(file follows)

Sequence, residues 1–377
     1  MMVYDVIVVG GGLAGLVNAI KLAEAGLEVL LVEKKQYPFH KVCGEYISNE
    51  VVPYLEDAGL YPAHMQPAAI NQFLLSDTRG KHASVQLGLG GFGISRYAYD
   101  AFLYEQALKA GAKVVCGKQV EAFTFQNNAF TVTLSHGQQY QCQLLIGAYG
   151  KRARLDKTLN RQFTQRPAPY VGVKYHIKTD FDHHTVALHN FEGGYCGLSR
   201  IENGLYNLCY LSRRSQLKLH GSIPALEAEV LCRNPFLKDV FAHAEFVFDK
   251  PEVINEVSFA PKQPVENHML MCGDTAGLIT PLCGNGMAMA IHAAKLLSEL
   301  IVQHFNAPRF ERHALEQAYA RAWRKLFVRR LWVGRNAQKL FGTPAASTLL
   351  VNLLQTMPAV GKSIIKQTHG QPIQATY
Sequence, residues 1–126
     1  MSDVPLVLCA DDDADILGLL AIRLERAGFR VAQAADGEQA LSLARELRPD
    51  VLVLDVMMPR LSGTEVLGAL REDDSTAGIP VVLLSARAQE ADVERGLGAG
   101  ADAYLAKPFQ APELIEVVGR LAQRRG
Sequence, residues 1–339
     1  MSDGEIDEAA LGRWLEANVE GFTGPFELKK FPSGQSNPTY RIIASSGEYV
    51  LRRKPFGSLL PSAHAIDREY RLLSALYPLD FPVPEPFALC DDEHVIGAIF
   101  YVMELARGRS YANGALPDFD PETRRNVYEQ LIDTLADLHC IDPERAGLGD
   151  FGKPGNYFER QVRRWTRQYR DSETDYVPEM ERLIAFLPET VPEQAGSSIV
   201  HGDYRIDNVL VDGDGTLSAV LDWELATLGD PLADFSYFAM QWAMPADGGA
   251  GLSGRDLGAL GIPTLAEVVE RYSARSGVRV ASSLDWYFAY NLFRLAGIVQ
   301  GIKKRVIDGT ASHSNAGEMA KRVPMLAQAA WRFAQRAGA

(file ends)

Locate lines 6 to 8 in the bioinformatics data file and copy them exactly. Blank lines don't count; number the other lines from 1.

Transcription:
   201  IENGLYNLCY LSRRSQLKLH GSIPALEAEV LCRNPFLKDV FAHAEFVFDK
   251  PEVINEVSFA PKQPVENHML MCGDTAGLIT PLCGNGMAMA IHAAKLLSEL
   301  IVQHFNAPRF ERHALEQAYA RAWRKLFVRR LWVGRNAQKL FGTPAASTLL